Upon the arrival of the ladies at York, the manager received a note from Mrs. Bland, stating that, for very particular reasons, which would be explained, the name of Francis must be changed, and some other adopted. Wilkinson naturally proposed Bland, to which she had a natural title, but the actress now wrote to him “that his wish, as to the insertion of Bland, could not be complied with, as that name in the prints might probably much injure her in the opinion of her father's relations.” I chuse to cite, on this occasion, the manager's own words, because I believe them to be sincere, and find them marked with a propriety that will not escape admiration.—" So,” say's he, on our meeting, and the matter being explaived, there appeared obvious and pressing reasons for a change of name, and that of Mrs. Jordan was adopted.
• But the reader must be made acquainted with the reason which produced this new decision as to name, on the arrival at York, which bad indeed, before been attended with some difficulty. The fact was, that her aunt, Miss Phillips, who had also been an actress in the York company, and was now lying dangerously ill, had that last infirmity of the Welsh mind, a high value for the families to which she claimed alliance. She had earnestly entreated to see her sister, Mrs. Bland, and to welcome her niece, whom she pronounced to be already an honour to the stock from which she derived alike her theatrical and lineal honours; and as this near relation was at the point of death, and destined a very enviable wardrobe as a legacy to her beloved niece, upon the payment of a slight equity of redemption, both prudence and affection concurred in allowing the last wish of an aunt who felt her interest so strongly. Miss Phillips is said to have considered herself the greatest actress that had ever appeared, and she had the opinion to herself. Her niece has been generally considered unrivalled in her particular walk, but it was a pretension which I believe she never uttered, if she for a moment believed it to be just. Within a week after this transaction, the aunt died, and Mrs. Jordan pursued her profession, though she did not exactly tread in her steps.'—pp. 29–31.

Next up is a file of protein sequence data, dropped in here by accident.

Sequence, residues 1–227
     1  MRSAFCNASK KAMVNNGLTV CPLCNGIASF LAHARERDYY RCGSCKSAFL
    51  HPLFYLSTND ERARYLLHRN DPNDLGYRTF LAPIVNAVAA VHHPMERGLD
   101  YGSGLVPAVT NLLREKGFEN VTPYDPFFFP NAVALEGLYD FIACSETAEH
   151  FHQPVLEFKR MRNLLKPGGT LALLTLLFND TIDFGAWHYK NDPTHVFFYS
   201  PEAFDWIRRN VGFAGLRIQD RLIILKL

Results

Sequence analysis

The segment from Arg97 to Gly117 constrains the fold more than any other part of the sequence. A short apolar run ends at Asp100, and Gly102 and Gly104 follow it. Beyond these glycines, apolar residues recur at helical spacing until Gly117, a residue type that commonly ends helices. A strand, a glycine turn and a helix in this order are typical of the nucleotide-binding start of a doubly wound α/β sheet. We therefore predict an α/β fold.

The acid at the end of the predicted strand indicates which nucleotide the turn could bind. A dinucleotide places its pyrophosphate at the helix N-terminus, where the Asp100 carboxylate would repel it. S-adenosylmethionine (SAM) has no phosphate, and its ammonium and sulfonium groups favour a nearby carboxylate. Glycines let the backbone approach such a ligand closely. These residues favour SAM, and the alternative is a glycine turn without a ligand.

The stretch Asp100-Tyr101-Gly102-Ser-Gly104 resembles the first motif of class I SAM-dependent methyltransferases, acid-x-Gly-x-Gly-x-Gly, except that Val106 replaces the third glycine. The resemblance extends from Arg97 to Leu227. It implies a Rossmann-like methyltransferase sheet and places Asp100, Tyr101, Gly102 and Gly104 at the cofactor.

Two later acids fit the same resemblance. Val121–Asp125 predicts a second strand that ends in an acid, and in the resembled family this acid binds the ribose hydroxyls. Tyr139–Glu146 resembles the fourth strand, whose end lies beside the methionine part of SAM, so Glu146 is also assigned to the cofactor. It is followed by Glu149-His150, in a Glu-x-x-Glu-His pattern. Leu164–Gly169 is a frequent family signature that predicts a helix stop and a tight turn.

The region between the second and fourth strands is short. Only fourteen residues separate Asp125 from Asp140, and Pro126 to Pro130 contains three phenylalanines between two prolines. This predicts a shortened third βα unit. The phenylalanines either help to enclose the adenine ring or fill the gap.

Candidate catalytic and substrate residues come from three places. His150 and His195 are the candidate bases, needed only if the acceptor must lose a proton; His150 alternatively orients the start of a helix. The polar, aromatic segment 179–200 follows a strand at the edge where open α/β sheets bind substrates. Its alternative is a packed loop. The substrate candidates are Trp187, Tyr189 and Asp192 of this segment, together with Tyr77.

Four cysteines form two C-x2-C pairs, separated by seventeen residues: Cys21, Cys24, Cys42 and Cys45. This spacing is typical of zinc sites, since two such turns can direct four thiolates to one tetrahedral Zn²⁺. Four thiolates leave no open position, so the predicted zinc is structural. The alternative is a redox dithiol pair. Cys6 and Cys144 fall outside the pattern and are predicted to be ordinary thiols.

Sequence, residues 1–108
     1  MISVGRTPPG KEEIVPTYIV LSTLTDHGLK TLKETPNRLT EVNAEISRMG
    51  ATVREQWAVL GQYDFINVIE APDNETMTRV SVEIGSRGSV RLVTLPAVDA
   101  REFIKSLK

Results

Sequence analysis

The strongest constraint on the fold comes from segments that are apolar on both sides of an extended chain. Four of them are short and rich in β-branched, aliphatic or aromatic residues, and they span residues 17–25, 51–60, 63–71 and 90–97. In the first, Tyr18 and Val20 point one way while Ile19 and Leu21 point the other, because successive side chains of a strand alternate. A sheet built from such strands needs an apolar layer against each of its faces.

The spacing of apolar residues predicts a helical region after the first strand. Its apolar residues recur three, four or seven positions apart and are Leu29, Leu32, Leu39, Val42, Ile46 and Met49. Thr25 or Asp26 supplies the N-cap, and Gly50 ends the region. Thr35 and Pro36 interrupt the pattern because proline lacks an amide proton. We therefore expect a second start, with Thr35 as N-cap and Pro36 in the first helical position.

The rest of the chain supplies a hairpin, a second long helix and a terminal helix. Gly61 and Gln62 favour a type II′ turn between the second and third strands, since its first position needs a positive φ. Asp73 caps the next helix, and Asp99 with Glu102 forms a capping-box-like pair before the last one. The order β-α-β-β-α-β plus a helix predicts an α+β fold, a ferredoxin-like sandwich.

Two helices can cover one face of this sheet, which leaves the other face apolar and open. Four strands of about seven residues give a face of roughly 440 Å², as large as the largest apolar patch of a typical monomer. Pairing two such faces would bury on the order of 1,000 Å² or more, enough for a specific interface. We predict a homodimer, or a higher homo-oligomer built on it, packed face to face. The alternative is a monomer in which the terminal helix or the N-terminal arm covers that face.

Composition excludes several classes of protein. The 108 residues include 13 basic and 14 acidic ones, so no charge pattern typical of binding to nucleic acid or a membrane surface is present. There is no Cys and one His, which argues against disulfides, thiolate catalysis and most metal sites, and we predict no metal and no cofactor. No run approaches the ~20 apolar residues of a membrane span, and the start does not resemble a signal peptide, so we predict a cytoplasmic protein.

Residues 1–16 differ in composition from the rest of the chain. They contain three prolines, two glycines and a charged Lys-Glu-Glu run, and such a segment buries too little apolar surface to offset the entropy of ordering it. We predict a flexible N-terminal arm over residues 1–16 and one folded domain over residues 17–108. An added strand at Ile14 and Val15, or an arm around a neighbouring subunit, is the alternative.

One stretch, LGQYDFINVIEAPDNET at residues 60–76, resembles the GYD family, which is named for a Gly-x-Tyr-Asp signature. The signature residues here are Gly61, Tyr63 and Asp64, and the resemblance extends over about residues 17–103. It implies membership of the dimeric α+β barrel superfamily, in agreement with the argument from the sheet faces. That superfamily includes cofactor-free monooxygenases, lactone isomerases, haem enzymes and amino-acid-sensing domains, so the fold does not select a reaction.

We understand from Mr. Boaden's insinuations that Mrs. Jordan commenced her course of indiscretion in the first year of her theatrical career, at York; but as her good acting put the folks of that part of the world in excellent humour with her, they looked indulgently on her sins. The characters in which she was most popular were those for which we would suppose
she the least calculated, namely, the parts of William, in Rosina, and Patrick, in the Poor Soldier. In this part of the country she remained about three years, when she was invited to London on the favourable report of a Mr. Smith, one of the purveyors for
Drury Lane Theatre. On the 18th October, 1785, Mrs. Jordan, who was retained at a salary of four pounds a week, made her first appearance at that house in the Country Girl. Of this event we have the following account by Mr. Boaden.
• Mrs. Inchbald knew her in the York company, and records of her that “she came to town with no report in her favour, to elevate her above a very moderate salary (four pounds), or to attract more than a very moderate house when she appeared. But here moderation stopped. She at once displayed such consummate art, with such bewitching nature--such excellent sense, and such innocent simplicity—that her auditors were boundless in their plaudits, and so warm in her praises, when they left the theatre, that their friends at home would not give credit to the extent of their eulogiums."